In a weird and horrific tradition, Indonesians dig up their deceased relatives, dress them and parade them around the streets as a part of the annual Ma’nene festival!
Rest in Peace seems like a statement that is not followed on the remote island of Sulawesi, Indonesia. Welcome to The Ma’nene festival, which literally means “Ceremony of Cleaning Corpses”. The Torajan people that inhabit the island are either Christians or Muslim, but a small group of people still practice the “Aluk Todolo” or “The Way of The Ancestors“.
The basic belief behind the festival is the belief that for the people who pass away, death is just a step into the oncoming spiritual life!
The festival is believed to have originated in the Baruppu village over a century ago. Legend says that an animal hunter named Pong Rumasek was hunting in the mountains when he found a corpse abandoned, decaying, under a tree. Rumasek dressed the corpse in his own clothes and gave him a proper burial, and believed he was blessed with good fortune. The practice was adopted by the Toraja, who believed the spirits would reward them for taking care of the dead.
When a person dies in the village, the funeral is not concluded in a day. Instead, the funeral ceremonies are extensive and can go on for weeks. This is done in order to give the families a chance to give their relatives an extravagant send off to the after life called as “Puya“. The process starts with several animal sacrifices like bulls and buffaloes. The horns of the animals are then used to adorn the house of the deceased person. It is believed that the more horns on a person’s house, the more respected that person is.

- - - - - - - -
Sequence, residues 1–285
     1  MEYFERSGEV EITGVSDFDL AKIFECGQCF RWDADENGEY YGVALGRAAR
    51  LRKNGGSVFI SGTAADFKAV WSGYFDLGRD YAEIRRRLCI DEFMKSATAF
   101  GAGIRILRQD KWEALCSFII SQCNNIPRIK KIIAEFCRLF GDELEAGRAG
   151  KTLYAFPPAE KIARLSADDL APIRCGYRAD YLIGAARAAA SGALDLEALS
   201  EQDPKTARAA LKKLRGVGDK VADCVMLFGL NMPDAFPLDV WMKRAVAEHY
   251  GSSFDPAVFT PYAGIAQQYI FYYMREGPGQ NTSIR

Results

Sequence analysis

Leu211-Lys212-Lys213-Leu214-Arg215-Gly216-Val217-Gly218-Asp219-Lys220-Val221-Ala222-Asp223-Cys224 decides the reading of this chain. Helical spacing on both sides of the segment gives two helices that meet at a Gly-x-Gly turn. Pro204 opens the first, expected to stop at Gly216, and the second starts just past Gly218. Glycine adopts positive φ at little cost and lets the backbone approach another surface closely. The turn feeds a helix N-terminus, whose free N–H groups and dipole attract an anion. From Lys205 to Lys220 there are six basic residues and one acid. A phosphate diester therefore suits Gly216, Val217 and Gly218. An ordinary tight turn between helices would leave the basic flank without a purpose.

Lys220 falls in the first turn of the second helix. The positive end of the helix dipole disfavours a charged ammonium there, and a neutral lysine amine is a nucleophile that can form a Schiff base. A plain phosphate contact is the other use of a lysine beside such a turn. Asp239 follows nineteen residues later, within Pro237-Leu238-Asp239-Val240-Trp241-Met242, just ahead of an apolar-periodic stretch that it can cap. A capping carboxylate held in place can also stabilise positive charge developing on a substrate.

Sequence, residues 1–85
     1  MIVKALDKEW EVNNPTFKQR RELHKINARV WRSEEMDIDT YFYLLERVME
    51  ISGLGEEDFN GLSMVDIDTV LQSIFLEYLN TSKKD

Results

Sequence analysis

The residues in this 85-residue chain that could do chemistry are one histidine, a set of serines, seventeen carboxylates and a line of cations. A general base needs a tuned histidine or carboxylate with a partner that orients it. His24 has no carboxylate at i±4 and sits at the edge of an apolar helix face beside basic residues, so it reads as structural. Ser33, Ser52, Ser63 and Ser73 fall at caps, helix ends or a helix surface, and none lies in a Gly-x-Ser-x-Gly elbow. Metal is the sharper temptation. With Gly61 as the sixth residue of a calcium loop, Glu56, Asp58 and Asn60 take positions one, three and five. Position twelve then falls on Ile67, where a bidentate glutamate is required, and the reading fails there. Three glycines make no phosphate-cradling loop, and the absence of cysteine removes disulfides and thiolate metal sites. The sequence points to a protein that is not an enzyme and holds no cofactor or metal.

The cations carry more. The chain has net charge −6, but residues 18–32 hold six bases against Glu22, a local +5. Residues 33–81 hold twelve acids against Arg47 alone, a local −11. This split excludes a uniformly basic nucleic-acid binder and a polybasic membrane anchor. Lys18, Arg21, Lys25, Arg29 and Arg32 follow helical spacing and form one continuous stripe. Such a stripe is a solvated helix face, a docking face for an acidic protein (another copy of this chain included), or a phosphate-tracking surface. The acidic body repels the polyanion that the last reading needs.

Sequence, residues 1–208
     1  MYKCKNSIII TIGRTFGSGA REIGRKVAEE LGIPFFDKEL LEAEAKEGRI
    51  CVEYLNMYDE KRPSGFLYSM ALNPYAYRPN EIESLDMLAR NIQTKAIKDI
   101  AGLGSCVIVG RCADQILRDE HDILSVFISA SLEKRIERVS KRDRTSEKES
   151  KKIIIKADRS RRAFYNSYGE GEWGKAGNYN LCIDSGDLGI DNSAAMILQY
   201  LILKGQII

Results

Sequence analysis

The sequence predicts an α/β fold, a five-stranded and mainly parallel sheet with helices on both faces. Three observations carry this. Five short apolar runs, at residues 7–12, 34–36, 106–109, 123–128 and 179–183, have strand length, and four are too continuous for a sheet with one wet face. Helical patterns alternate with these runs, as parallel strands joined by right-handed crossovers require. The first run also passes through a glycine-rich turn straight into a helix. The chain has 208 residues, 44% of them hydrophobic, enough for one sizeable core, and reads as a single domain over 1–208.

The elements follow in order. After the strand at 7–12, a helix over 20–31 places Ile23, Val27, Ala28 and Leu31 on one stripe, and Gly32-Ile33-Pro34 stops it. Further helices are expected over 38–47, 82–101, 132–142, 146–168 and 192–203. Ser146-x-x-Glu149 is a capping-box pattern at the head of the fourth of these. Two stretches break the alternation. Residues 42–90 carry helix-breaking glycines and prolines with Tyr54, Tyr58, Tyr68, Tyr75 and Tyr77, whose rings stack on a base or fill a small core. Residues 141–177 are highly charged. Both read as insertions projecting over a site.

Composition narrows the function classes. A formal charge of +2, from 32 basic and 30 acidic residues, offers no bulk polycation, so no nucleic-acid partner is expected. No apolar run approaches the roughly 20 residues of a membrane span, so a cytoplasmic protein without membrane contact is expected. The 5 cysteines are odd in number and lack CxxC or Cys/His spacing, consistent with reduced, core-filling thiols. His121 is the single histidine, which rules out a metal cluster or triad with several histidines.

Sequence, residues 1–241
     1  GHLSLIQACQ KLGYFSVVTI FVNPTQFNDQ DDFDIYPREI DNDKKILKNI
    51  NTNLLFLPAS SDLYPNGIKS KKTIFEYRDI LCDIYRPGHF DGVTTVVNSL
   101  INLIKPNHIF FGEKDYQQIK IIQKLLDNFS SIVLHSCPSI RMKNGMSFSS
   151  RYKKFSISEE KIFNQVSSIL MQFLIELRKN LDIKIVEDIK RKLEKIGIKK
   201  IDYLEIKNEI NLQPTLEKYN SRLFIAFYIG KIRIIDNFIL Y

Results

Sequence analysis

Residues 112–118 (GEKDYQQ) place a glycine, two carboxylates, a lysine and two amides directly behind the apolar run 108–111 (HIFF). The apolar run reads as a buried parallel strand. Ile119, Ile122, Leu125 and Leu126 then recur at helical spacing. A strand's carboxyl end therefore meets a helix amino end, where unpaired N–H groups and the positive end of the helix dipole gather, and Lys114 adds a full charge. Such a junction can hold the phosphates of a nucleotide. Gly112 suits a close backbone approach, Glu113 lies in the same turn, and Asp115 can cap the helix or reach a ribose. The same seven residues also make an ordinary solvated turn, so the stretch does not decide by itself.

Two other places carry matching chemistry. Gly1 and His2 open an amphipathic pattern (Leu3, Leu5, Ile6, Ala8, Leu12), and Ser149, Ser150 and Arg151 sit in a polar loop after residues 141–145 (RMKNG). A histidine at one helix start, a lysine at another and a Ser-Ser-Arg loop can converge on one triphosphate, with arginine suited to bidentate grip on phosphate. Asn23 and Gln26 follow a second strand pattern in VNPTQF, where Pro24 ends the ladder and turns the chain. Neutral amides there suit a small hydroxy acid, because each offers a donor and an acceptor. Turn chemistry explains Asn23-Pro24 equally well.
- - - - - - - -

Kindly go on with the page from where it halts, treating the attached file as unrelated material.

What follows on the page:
The Toraja tribe members are rarely buried in the ground. Because the village is situated on top of several mountains, several caves are cut out into the mountain side, for bodies to be accommodated or in wooden coffins that are hung from the side of the mountain. Similarly, babies are buried in the hollows of trees. The bodies are wrapped in extensive layers of cloth to prevent and extend the decay process!
One of the reasons the funerals are delayed is also because the funerals are expensive and they give time to the families time to collect money as well as to pay for the processions. The higher the status of the person, the costlier the expenses. The family members clean, wash and dress up their family members for the processions. As bizarre as it sounds, they do it with smiles on their faces.
Once the bodies are placed in the caves on the mountains, a wooden effigy called “Tau Tau” is placed near the bodies to guard them. They are referred to as ‘a person who is sick’ or ‘the one who is asleep’ because locals do not believe they are truly dead until they have been buried.
Torajans are supposed to be buried in the area they spent most of their life or where they died. Deviating from this tradition causes tension among families.
No matter how bizarre and scary this tradition sounds, you can’t help but just wonder about the weird and bizarre beliefs people have over the world!